Nigeria’s Minister of Finance and Coordinating Minister of the Economy, Mr. Wale Edun, has advocated more concessional funding from the World Bank Group for Africa to address its development challenges.
Edun, who is Chair of African Governors Forum of the World Bank, spoke in Abuja, on Thursday at a roundtable for economic transformation in West and Central Africa. The forum had in attendance ministers of finance from the two sub-regions and top officials of the World Bank Group, among others.
The roundtable was aimed at providing a forum for World Bank governors to discuss how to make progress on ambitious priorities for development in the region, how the ongoing World Bank evolution could help accelerate this progress, and how governors could engage and support an ambitious financing and policy package for IDA21.
Edun’s call for more concessional financing came as the World Bank announced that it had earmarked $44 billion for Africa, stating that its funding in the region had risen from $2 billion in 2000 to $28 billion currently.
The minister, while admitting that the Bretton Woods institution had rendered enormous support to the region in terms of financing and other spheres, demanded more from the bank and its affiliates, like the International Development Association (IDA).
He said, “I can say, yes, we benefit from the funding that the bank has, but I must say here that we are looking forward to substantial replenishment, which provides us additional concessional financing.”
African countries, he submitted, were determined to work with the World Bank in their effort to grow their economies, and by doing so, enhance the standard of living of their people.
In her remarks at the meeting, World Bank Managing Director of Operations, Ms. Anna Bjerde, disclosed that the group had increased funding for Africa from about $2 billion in 2000 to $10 billion in 2010, and $28 billion this year.
Bjerde stressed that more funding would be provided through specialised windows towards prevention of conflict as well as to support regional integration.
According to her, the new levels of financing underscored the bank’s commitment to growth in Africa, with financing to Sub-Saharan Africa growing.
Meanwhile, the World Bank promised to step up financial support for Nigeria in priority needs of the country’s economy and lauded the economic reforms under the Bola Tinubu administration. Bjerde made this known on Thursday evening after paying a courtesy visit to Tinubu at State House, Abuja.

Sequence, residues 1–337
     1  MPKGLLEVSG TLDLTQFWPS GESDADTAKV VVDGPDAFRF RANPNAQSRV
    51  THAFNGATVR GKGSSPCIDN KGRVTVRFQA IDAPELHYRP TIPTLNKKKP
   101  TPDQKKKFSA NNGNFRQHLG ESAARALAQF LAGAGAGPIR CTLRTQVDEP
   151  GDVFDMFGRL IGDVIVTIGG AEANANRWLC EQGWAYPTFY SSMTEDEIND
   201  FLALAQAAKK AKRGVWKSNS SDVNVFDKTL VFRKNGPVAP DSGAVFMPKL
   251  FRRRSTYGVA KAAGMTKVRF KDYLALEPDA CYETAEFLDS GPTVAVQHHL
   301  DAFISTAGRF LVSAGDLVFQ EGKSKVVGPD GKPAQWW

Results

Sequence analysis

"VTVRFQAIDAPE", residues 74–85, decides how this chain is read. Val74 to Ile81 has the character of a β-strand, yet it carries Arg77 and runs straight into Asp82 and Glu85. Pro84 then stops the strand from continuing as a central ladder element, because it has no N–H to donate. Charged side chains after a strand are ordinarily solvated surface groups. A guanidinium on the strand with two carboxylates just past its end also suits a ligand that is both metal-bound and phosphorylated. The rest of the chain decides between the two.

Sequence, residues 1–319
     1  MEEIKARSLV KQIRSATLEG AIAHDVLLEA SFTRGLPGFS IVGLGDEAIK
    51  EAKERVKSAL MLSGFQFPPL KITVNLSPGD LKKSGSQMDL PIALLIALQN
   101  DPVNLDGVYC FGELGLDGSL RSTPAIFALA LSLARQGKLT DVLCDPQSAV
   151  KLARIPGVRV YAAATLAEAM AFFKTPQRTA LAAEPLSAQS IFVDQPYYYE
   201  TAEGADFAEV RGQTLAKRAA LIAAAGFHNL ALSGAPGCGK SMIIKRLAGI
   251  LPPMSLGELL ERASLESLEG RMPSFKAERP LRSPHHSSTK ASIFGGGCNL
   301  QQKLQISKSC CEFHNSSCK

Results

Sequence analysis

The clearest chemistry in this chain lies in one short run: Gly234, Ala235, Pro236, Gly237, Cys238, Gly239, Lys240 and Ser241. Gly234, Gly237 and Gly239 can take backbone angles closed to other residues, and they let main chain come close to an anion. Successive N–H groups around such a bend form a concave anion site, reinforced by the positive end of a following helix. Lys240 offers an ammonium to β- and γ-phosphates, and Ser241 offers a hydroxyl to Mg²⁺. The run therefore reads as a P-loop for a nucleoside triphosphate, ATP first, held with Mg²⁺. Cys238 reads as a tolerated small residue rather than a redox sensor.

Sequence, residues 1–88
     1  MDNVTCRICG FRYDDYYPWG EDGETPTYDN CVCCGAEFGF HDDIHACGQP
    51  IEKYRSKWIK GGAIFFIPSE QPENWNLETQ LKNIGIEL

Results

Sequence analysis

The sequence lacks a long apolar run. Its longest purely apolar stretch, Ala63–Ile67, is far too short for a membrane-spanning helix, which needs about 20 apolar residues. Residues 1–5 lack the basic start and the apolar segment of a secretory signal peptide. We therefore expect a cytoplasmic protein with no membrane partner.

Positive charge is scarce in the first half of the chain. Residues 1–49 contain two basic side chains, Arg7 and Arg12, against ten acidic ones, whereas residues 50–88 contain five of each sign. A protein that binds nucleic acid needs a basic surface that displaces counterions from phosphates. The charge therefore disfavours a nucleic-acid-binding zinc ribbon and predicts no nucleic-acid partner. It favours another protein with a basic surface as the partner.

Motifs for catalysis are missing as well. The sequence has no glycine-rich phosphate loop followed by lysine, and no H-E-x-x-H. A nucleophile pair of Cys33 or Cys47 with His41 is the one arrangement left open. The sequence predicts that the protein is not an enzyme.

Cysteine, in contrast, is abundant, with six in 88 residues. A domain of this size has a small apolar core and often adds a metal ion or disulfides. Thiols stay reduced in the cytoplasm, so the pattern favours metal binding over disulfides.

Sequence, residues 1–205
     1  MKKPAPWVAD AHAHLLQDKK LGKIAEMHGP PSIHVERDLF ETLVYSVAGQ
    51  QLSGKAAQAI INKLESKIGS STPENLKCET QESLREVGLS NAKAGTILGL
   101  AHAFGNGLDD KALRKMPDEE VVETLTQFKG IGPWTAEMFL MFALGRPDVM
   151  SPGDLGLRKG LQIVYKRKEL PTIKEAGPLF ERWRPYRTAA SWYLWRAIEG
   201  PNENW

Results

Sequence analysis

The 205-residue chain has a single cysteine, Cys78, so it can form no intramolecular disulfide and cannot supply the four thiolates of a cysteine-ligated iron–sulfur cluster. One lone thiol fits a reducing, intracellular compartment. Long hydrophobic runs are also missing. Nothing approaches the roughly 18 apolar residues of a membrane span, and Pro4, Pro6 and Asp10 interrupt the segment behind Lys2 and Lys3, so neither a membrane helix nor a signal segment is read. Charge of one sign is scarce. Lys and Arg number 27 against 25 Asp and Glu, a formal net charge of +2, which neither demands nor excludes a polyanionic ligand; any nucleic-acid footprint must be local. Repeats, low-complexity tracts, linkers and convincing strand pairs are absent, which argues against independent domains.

Bjerde, who spoke to newsmen after her meeting with Tinubu, also said the bank would continue to support the reforms of the present administration through its supportive instruments.
She stated regarding the outcome of the meeting with the Nigerian president, “The outcome is that the World Bank will continue to support the reforms of the President Tinubu’s administration through the supportive instrument that we have and we will be stepping up our financial support to Nigeria in line with all the different initiatives that are being taken and all the needs that the economy has.”
Bjerde added, “While we already have large programme, from this visit we already see that the programme will grow from there. I have been pleased with the discussions we had over the last meeting with the PBAT.”
Addressing reporters, also, Edun highlighted the outcome of the two-day meeting of Western and Central Africa Ministers of Finance, co-hosted by Nigeria and the World Bank. He said issues of development and concessional financing for West and Central Africa were top on the agenda of the summit.
“We have a mini summit and issues of development and increasing the level of concessional financing to West and Central Africa were on the agenda and we reported to the president that we had a robust discussion,” he said.
The minister said Nigeria also advocated increased resources towards the improvement of electricity and creating more access to social safety nets. He said the target was to provide better support for Nigeria in digitisation and technological development of the economy.
Deji Elumoye and Ndubuisi Francis